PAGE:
Aug27

Summer Reading List for Biomimics!

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We asked leaders in the biomimicry community – including Biomimicry Institute staff, founders of the Biomimicry Global Networks, our friends at Biomimicry 3.8, and our co-founder, Janine Benyus – for their summer reading recommendations, and have compiled a great list of books for your trip to the beach (or lake, reservoir, bay, pond, channel, estuary, fjord, bight, canal, wetland, lagoon, marsh, tributary, or river delta) this summer. Some may be better suited for hunkering down during winter months, but all will provide a new perspective in thinking about sustainability, innovation and design, and our relationship with the natural world. Enjoy!


 

Recommended by Janine Benyus, co-founder, Biomimicry Institute & Biomimicry 3.8

Braiding Sweetgrass: Indigenous Wisdom, Scientific Knowledge and the Teachings of Plants by Robin Wall Kimmerer

Gathering Moss: A Natural and Cultural History of Mosses by Robin Wall Kimmerer

The Hidden Half of Nature by Anne Biklé and David R. Montgomery

I Contain Multitudes: The Microbes Within Us and a Grander View of Life by Ed Yong

Adapt: How Humans Are Tapping into Nature’s Secrets to Design and Build a Better Future by Amina Khan

Recommended by Amy Coffman-Phillips, founder, Biomimicry Chicago network

Evolution by Stephen Baxter (Sci-Fi)

Storms of my Grandchildren by James Hansen

Birthright: People and Nature in the Modern World by Stephen Kellert

 

Recommended by Katherine Collins, author, The Nature of Investing, founder, Honeybee Capital Foundation

The Nature Fix: Why Nature Makes Us Happier, Healthier, and More Creative by Florence Williams

 

Recommended by Lisa Dokken, biomimicry consultant and lecturer, Columbia University

The Soil Will Save Us: How Scientists, Farmers, and Foodies Are Healing the Soil to Save the Planetby Kristin Ohlson

 

Recommended by Marjan Eggermont, associate dean, Schulich School of Engineering, and founding co-editor, Zygote Quarterly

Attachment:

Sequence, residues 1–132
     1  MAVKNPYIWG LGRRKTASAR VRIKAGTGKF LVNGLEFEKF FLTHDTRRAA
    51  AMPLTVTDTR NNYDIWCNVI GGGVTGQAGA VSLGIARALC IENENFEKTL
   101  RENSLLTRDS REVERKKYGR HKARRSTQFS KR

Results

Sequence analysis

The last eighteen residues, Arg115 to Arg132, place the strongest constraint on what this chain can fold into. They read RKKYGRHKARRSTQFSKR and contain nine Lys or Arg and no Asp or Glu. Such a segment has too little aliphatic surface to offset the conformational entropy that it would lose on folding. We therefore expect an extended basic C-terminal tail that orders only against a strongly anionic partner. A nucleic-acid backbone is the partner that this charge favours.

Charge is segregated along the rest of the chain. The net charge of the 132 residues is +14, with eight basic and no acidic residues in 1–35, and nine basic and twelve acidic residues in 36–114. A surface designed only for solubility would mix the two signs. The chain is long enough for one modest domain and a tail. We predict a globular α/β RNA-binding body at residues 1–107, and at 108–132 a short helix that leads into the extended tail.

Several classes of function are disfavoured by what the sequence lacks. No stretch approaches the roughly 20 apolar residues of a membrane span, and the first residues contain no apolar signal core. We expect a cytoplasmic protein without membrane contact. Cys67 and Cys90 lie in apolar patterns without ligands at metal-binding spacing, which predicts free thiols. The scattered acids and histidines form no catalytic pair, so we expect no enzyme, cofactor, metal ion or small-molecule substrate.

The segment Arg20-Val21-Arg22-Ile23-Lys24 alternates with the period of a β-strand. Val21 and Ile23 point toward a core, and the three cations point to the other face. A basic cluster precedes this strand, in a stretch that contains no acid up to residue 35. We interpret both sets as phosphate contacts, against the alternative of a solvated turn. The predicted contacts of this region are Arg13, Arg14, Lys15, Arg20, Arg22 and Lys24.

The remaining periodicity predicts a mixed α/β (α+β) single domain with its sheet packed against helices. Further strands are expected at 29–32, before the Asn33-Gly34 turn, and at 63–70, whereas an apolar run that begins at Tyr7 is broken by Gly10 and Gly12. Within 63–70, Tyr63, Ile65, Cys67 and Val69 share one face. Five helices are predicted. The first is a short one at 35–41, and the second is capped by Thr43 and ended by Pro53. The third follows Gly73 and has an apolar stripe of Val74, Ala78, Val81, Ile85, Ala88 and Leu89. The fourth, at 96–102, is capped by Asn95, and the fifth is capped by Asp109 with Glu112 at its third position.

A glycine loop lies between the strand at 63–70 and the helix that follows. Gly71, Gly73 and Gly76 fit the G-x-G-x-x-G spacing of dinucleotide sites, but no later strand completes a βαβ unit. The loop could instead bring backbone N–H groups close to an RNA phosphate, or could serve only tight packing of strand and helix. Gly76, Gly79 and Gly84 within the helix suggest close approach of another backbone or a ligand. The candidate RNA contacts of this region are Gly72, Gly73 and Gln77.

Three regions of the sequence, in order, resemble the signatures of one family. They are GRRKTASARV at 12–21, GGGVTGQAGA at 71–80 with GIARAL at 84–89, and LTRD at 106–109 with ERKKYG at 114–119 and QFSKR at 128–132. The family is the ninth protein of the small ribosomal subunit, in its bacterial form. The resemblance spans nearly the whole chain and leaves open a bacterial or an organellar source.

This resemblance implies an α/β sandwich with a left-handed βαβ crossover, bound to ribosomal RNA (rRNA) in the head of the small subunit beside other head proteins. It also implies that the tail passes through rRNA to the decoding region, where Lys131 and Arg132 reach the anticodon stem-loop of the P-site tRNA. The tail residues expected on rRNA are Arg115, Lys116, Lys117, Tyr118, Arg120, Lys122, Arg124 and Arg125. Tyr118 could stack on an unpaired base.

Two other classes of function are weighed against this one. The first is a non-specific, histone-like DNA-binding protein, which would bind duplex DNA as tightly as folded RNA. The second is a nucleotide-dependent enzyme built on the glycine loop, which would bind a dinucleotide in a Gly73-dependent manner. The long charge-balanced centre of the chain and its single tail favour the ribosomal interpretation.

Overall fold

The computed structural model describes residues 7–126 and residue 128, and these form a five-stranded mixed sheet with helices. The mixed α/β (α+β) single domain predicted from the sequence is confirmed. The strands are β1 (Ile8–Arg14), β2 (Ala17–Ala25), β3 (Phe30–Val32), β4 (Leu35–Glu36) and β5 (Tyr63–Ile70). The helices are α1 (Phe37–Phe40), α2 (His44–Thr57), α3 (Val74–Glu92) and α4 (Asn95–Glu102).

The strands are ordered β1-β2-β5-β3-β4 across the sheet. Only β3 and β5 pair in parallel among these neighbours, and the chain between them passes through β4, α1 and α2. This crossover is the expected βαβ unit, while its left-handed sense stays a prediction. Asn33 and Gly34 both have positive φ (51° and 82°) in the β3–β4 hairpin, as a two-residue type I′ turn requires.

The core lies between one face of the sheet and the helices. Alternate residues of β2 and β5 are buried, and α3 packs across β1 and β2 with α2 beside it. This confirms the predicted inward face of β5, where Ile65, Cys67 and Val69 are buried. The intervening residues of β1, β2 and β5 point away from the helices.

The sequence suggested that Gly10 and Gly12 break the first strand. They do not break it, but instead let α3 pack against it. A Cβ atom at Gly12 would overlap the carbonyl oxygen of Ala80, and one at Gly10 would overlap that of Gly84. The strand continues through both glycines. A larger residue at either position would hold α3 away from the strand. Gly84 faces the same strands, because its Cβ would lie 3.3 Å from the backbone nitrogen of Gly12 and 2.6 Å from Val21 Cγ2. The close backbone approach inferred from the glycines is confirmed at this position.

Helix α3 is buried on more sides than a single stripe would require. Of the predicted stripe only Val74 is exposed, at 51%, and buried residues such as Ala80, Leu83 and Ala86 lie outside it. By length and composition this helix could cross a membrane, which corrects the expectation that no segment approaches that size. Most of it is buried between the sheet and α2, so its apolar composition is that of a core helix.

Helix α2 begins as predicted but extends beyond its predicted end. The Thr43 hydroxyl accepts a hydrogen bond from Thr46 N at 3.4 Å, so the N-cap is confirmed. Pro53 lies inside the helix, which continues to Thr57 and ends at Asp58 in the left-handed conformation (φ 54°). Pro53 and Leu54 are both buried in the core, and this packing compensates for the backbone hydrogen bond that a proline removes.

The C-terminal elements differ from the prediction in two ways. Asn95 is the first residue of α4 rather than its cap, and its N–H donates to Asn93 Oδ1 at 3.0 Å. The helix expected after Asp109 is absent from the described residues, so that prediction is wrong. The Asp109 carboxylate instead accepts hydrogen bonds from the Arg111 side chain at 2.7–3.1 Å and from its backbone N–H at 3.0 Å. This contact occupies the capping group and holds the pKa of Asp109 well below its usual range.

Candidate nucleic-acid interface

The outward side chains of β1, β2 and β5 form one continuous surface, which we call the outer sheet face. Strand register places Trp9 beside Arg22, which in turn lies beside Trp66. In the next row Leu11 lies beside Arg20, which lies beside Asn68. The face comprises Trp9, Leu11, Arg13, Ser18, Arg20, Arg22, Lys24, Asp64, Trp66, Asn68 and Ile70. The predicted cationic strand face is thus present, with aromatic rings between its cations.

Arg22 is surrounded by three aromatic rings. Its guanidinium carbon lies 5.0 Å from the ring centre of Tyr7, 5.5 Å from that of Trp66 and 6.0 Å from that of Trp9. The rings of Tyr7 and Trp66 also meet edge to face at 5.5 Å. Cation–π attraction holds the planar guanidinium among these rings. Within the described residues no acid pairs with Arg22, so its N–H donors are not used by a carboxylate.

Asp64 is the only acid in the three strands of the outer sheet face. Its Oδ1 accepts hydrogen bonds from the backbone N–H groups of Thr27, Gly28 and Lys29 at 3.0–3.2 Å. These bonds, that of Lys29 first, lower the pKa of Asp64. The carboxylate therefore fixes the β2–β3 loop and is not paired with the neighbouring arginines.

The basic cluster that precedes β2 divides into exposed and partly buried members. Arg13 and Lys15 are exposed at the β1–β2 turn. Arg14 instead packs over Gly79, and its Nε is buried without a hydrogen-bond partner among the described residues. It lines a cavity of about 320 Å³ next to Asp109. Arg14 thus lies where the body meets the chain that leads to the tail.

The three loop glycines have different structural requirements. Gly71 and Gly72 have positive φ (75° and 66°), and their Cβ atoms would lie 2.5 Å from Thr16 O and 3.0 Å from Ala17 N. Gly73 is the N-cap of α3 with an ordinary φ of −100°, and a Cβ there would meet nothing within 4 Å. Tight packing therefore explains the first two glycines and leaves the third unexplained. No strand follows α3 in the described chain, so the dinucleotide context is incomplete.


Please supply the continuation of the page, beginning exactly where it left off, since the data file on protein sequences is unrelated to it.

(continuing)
Science of Seeing: Essays on Nature from Zygote Quarterly by Adelheid Fischer

(more…)

Oct31

Mimicking the Salt Marsh for #ResilientCities

Dr. Anamarija Frankic

By Dr. Anamarija Frankic

In response to growing coastal challenges, including habitat degradation, loss of biodiversity, and climate change, efforts around the country and the world are increasingly embracing strategies and initiatives focused on promoting environmental sustainability and social responsibility.

The most significant impediment to sustaining our coastal natural and human built systems, and the goods and services they provide, is not a lack of technical knowledge but the need for all stakeholders to understand whole systems-level intricacies that true conservation, restoration and adaptation work requires.

Eastern oysters cleaning up to 50 gallons of water per day.

Eastern oysters clean up to 50 gallons of water per day.

 

My work is based on a biomimicry approach in addressing coastal issues. Natural coastal systems and local keystone species like oysters, and habitats such as shellfish beds, salt marshes and eelgrasses work together to stabilize our coasts, sediments, filter water of nutrients and pollutants, providing conditions conducive to life, which are resilient and adaptive to environmental changes.

Observing and learning from coastal systems leads naturally into a discussion on how to apply this wisdom in our human built environment.

The Design Charette I am teaching in November with BiomimicryNYC will explore ideas such as,

How can urban harbors accrete sediment and stop erosion like the salt marsh;

while improving water quality like the oyster reef;

and creating a habitat for other species like eel grass beds?

I’m looking forward to teaching and working with designers, engineers, architects and social entrepreneurs in this region, and excited to see what innovative ideas our teams produce.

If you’re interested in joining our Design Charette on November 17, 2014, please visit this page for more information.

(Frankic et al. 2011).